Homemade Brooder for Parrots

Updated November 21, 2016

Baby parrots are delicate and require very specific temperatures and humidity levels when they are newly hatched. Baby parrots hatched and brooded under their mother are guaranteed perfect temperatures and humidity. However, some parrots are unable to be brooded beneath their mother, or perhaps you have chosen to hand-raise your parrot away from its mother. In this case, you can build a brooder to create the proper environment for a baby parrot.

Fill one container halfway with water and freeze the container (this prevents the container from cracking when cut). Once frozen, use a jigsaw to cut a small hole (suitable for holding the aquarium heater) into one side of the container. Allow the ice to melt and the water to drain from the container.

Dry the container thoroughly. Stick the aquarium heater through the hole you made in the container so that the heater is inside the container and the cord is outside of the container. Use the suction cups on the heater to hold the heater in place at the bottom of the container, ensuring the heater is level and does not directly touch the bottom or sides of the container.

Seal the hole around the heater with aquarium sealant glue, making the hole watertight.

Pour water into the container until the water level rises 2 to 3 inches above the heater.

Place the other container (the one without the heater) into the container with the heater and water. Attach bungee cords from each corner of the top container to each corner of the bottom container, securing the two containers. The water in the bottom container will push up around the sides of the top container.

Pour a small amount of water into a small dish. Cover the dish with a layer of cheesecloth, securing the cheesecloth tightly with a rubber band (this ensures baby birds cannot fall into the dish later on). Place the covered dish into a corner of the top container to provide your baby parrots with humidity.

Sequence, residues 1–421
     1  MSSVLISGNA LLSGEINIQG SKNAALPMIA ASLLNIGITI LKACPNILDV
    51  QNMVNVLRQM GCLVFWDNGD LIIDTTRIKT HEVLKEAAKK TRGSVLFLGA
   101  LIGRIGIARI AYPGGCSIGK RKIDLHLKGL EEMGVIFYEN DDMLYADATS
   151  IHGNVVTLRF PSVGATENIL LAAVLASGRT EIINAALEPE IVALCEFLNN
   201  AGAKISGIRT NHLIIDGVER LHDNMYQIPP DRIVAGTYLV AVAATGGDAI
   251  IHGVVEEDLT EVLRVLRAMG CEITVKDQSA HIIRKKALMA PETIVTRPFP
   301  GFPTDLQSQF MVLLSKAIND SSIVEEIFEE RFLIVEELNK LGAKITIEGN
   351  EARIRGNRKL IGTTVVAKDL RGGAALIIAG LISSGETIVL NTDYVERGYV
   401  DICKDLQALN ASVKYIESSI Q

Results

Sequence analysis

Place an aquarium thermometer and humidity gauge (available in pet stores) near the area in the brooder where the tops of the baby parrots' heads will reach. This monitors your temperature and humidity levels at all times.

Turn on the aquarium heater to the temperature you wish your brooder to reach. Refer to the temperature chart in References 4 for a generalised guide to temperatures for your baby parrot.

Cover the brooder with a blanket or towel to insulate the brooder. Monitor temperatures in the brooder to determine the proper settings for your heater.

Allow the brooder to reach the appropriate temperature before adding baby parrots to the brooder.


Allow enough space in the brooder for all baby parrots to flap their wings without touching each other, so purchase plastic containers appropriately sized to your needs. For example, medium-sized containers often house 4-6 baby cockatiel parrots. Baby parrots are comfortable in the dark initially, so use non-transparent plastic tubs or cover transparent tubs with towels, blankets or stick shelf paper to the outsides of the tubs to block light.


Commercial brooders are best as they guarantee proper heat and humidity for your birds. Keep a constant watch on your birds' temperature and humidity levels to ensure their safety and well-being.

Things You'll Need

  • 2 appropriately-sized plastic storage tubs
  • Water
  • Jigsaw
  • Towel
  • Aquarium sealant glue
  • 4 bungee cords
  • Small dish
  • Cheesecloth
  • Rubber band
  • Aquarium thermometer/humidity gauge
  • Blanket/towel
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